Inside the fight to get food to those who need it most
Despite surplus of government funding, food insecurity persists among LatinX, undocumented communities
On an overcast Saturday morning outside the Mexican Consulate, dozens of people - mothers, fathers, toddlers, grandmothers - lined up along the side of the brick building just off I-85. A young man wearing a sky blue t-shirt at the front of the line took down each person’s information - surname, zip code, number of people in their household, how many of them were children, and took note of what the biggest needs of the family are at this moment.
After writing the information down, he gave them a ticket and directed them to a tent where boxes of food were stacked. Each person, representing one household, was given a box of fresh produce, rice, beans, corn flour, a whole chicken; and tortillas from el Milagro - a supplier on Buford Highway.
Over the course of just a few hours, 300 tickets were handed out. Each food box feeds a family of four for a week and a half.
The event, part of Feeding Families of Buford Highway, aims to reach Spanish-speaking families living along Buford Highway, many of them undocumented.
“The majority of our constituents are undocumented immigrants. Back in 2020, when food giving started happening, there were certain credentials needed like drivers licenses or IDs. That quickly turned away a lot of people,” said Lily Pabian, executive director of the non-profit that’s been organizing these food drives, We Love Buford Highway.
So Pabian partnered up with other local organizers and started delivering meals to families, no questions asked. After a few months of meal deliveries they switched to providing food staples. “People have their own recipes,” she said.
Well into 2021, despite an influx of government cash in the state, food insecurity, persists.
Before the pandemic, 13 percent of people in Georgia were food insecure, higher than the national average of 12 percent. Since COVID, the Atlanta Community Food Bank, the largest food distribution organization in the area, has seen a 300 percent increase in inquiries from people about finding food.
“The need is not going to go away. With the cost of food going up, (eviction) moratoriums expiring, it’s always that trade off...you’re trying to figure out, if I can get some assistance with food, perhaps I can reserve those funds to pay my rent, or pay my electric bill,” said Pabian.
Pabian says larger organizations like the Atlanta Community Food Bank and United Way have gotten better about outreach to immigrant communities, “there’s been a lot of learning about serving these communities...everyone is looking at barriers and access and really trying to peel them off.”
And yet, barriers continue to exist on multiple fronts.
At a food event last summer, Pabian says people turned away when they spotted police cars, “they (the police) were there to help move traffic, but we actually asked them if they could step outside and not be in the area. And immediately, people started coming back.”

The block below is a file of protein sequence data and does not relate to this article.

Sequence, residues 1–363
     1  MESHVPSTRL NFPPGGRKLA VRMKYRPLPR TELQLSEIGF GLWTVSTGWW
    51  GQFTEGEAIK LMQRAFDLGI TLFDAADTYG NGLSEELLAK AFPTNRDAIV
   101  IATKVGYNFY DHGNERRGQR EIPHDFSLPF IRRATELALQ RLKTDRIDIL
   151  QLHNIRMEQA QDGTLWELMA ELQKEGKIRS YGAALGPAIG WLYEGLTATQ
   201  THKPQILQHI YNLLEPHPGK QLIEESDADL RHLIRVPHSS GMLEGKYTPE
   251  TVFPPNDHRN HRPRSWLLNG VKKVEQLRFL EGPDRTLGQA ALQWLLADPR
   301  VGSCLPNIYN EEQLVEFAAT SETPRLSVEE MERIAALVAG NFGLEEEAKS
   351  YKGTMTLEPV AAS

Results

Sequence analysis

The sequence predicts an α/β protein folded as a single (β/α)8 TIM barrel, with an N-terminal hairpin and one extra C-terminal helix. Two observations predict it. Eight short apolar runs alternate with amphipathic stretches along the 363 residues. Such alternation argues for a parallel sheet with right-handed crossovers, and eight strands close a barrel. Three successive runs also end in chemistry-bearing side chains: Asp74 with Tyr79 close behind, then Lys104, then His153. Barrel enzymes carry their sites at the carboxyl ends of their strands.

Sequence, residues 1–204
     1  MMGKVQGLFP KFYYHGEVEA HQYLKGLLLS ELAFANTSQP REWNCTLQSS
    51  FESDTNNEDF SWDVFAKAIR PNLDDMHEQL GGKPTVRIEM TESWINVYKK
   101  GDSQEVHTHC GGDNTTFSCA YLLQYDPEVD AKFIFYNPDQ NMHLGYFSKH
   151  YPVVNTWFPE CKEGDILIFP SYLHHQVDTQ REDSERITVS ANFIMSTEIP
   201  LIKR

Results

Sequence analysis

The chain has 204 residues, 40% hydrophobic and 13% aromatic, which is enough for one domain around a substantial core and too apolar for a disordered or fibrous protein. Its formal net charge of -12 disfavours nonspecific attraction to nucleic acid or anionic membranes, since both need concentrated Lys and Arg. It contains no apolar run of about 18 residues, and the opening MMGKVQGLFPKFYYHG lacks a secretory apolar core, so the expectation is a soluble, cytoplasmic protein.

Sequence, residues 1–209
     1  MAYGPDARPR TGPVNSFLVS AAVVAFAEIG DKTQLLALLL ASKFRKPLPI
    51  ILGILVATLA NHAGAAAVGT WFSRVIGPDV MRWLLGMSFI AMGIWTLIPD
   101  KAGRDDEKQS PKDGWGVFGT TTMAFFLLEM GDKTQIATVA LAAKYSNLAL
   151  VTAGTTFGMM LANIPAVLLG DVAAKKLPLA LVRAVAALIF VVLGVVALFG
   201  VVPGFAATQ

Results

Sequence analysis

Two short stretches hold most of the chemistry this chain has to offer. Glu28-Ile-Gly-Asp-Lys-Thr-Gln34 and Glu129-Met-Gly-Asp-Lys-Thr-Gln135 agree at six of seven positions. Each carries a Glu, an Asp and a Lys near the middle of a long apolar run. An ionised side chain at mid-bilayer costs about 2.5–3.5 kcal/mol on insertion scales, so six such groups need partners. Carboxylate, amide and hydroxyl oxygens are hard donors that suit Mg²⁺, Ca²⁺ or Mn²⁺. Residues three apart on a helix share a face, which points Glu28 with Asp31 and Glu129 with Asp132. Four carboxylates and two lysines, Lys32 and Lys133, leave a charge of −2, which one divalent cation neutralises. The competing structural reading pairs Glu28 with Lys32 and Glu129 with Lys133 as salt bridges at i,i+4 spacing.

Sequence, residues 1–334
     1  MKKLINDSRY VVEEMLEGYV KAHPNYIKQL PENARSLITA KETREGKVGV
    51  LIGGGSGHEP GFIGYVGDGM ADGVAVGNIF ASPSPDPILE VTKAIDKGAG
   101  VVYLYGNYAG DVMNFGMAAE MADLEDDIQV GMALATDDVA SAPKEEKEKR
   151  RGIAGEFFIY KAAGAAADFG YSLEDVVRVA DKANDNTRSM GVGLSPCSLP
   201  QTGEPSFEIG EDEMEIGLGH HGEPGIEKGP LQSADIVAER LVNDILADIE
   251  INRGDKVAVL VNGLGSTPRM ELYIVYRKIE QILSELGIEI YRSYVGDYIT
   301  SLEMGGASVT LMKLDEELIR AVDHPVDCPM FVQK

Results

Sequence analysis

On Saturday, it happened again. A cop drove up to the consulate and parked behind a tree about 50 feet from the line for food tickets. Pabian spoke to the cop, explaining that they were trying to feed families and that the cop’s presence was scaring people. She said the cop responded saying she was required to stay for a little while because the spot was part of her route. But the damage was done. “People slowed down, and then drove off,” said Pabian later.
Transportation can be another barrier.
300 people received food tickets on Saturday, but the parking lot was relatively empty. “A lot of people don’t have a car because they can’t have a driver's license. Some people will take a taxi and get food for three families,” said Alina Lee, a Board Member with We Love Buford Highway.
The organization rotates their food events at different locations to make sure they’re reaching as many people as possible, “Just a few miles can make a difference on whether a family can make it or not.”
And lack of language accessibility can often be the most obvious roadblock to people getting the help they need. “A lot of times you look at public serving websites and their google translate function isn’t working, and no one’s keeping up with it. Or they’ll send things out, and adding language is a second or third thought,” said Pabian.
We Love Buford Highway staffs each event with multiple bilingual volunteers. “It’s really about making connections so that we’re trusted...and so people know that they’re coming to us for assistance, that it’s more than just a transactional thing.”
That sense of community - the commitment to each other - was evident outside the Mexican consulate.
Fabio Cebollas, an elderly man wearing an orange t-shirt, was one of the taxi drivers who showed up on Saturday. He wasn’t carrying any passengers - he had come to pick up food for three families living along Buford Highway who had COVID.
Before loading the trunk of his car with the boxes of food, he stopped to speak to a young girl who was crying. He patted her head and spoke softly to her until the tears finally stopped.
“He’s like that, he helps everyone,” said Aceli Zenil, a volunteer with one of the partner organizations, Los Vecinos de Buford Highway.